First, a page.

In a world increasingly driven by surveys and focus groups, what happens when market research meets art? In 1995, commissioned by the Dia Center for the Arts as its second artists’ project for the web, Vitaly Komar and Alex Melamid decided to find out. The results make for entertaining, yet predictably depressing, viewing…
This is design by committee at its most bonkers. Questions were asked, numbers were crunched and the most and least wanted paintings for a dozen different countries were made. Oh dear.
The painting most wanted by the 1001 Americans surveyed was a landscape (lakes, rivers or oceans were the preference of 49% of those surveyed) approximately dishwasher size and containing a group of people and (and I’m not sure this came from the survey results) George Washington. Blue and green are the dominant colours.
In most countries those surveyed expressed a preference for a landscape with lakes, rivers or oceans – only the Netherlands wanted an abstract painting – so the Most Wanted paintings share a common aesthetic; each is every bit as cheesy as the last.
The Least Wanted paintings aren’t much better. Here most are abstract and generally smaller than the Most Wanted for that country – again, the Netherlands bucks the trend, though this time it has company – and reds, yellows and oranges are more prevalent than the blues and greens of the Most Wanted. Several of the Least Wanted are grids of coloured squares (including the German one, though that is large and the squares form a repeat pattern) such as those Gerhard Richter paints.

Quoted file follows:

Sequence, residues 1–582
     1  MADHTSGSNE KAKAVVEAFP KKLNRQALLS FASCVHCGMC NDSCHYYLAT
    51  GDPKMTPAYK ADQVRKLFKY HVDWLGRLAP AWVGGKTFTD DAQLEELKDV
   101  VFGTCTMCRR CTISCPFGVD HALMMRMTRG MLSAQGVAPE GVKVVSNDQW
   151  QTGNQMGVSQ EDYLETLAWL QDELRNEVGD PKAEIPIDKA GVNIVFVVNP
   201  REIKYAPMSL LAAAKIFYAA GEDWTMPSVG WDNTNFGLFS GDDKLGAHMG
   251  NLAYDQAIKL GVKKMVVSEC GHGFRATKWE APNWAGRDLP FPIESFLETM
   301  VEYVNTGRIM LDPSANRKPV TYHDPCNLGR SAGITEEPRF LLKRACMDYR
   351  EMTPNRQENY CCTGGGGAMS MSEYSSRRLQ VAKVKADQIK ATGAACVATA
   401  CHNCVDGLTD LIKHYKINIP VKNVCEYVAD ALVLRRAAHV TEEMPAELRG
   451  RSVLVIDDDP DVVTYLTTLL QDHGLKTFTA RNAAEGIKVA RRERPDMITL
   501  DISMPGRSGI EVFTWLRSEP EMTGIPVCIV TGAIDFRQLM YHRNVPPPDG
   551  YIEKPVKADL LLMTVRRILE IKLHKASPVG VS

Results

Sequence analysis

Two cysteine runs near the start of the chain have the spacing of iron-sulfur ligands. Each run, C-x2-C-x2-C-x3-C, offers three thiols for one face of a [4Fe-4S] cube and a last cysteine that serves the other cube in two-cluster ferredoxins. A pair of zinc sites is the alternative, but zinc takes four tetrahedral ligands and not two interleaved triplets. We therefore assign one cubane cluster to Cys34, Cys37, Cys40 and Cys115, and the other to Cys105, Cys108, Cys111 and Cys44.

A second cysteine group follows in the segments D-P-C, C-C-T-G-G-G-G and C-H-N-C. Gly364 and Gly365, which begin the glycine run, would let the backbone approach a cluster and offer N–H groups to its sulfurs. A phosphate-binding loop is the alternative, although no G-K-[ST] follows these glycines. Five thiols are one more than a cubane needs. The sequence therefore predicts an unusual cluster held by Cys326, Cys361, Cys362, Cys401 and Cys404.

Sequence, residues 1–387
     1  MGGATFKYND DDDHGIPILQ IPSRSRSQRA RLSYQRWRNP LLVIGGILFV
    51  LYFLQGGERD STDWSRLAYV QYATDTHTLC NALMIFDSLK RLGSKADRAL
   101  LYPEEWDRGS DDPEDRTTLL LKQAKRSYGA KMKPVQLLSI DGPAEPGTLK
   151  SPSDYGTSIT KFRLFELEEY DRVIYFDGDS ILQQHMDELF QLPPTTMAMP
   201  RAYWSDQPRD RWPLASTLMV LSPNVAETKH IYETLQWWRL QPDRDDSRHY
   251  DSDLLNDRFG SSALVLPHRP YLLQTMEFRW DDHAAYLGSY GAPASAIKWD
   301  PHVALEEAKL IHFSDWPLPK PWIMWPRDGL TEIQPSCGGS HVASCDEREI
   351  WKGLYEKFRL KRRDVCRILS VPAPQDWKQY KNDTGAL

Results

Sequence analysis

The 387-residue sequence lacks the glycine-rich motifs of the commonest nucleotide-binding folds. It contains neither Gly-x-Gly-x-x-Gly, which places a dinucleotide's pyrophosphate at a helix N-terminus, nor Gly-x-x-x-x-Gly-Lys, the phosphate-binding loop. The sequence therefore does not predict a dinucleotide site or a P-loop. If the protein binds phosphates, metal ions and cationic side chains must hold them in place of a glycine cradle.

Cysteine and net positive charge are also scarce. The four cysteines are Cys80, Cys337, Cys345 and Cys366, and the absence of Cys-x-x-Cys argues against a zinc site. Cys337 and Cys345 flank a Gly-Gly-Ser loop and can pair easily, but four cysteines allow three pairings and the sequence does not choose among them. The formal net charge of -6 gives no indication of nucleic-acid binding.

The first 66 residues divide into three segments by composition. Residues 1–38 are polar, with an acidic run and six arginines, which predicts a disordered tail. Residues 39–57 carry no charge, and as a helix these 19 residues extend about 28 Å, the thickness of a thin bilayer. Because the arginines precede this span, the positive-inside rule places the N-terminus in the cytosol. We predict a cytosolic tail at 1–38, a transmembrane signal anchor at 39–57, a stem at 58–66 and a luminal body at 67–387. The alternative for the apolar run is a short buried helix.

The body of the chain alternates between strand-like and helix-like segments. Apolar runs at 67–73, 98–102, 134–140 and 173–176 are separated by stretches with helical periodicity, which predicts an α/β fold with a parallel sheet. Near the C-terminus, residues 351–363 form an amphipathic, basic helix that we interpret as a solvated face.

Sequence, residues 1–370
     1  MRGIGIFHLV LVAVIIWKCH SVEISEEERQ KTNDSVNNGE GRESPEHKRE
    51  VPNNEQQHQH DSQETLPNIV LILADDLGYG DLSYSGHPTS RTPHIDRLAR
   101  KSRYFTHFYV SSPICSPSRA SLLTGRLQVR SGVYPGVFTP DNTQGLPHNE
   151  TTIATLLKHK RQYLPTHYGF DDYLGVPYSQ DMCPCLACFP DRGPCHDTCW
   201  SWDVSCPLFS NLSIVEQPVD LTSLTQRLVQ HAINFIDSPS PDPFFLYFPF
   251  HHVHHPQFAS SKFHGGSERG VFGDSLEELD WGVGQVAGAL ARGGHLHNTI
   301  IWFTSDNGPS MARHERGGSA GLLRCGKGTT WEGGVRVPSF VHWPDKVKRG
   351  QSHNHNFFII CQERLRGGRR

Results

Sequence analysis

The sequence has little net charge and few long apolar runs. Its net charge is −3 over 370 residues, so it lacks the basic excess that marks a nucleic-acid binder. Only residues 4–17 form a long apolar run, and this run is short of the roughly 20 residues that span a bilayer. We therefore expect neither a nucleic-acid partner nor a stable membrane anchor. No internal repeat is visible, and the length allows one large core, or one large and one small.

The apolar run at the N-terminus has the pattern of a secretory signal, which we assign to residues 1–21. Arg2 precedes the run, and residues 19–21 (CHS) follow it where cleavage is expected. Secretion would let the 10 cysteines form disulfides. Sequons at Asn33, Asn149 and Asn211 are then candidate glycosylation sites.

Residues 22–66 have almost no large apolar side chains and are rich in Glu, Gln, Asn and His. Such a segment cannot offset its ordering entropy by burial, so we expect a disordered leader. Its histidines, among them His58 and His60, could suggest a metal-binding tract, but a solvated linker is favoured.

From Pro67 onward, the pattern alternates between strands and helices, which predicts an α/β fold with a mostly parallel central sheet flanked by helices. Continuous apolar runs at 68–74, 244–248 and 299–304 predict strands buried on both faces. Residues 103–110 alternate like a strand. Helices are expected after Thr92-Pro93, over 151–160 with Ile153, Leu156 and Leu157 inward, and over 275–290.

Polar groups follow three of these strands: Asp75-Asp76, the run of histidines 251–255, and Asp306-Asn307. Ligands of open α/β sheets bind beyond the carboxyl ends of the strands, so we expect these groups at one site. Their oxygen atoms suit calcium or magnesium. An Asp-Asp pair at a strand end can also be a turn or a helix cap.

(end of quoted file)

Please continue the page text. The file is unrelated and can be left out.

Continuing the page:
The survey is of course as flawed as these things tend to be. Surveys aren’t ever an exact science. Someone has to write the questions and quantitative as the hard results might be, interpreting them can involve a whole new set of assumptions. As artists, Komar and Melamid aren’t bound by the same rules or conventions as those who might normally design surveys of this nature so the questions aren’t necessarily as precise as they might be, after all, who’s going to challenge the validity of the survey with any degree of authority?
There is a wonderful madness about a lot of Komar and Melamid’s work. Their work is intentionally both very funny and utterly serious. There are other artists who take on the roles of scientists, psychologists and so on, often with excellent results – this is an approach I have a lot of time for for some reason – but there are few who pursue absurdity with such absolute determination.
Komar and Melamid, born in the Soviet union in the mid-1940s but living in New York since the late 1970s, worked together for three decades but stopped collaborating in 2003. I, for one, wish they were still out there cooking up bizarre project ideas and making art that makes me smile.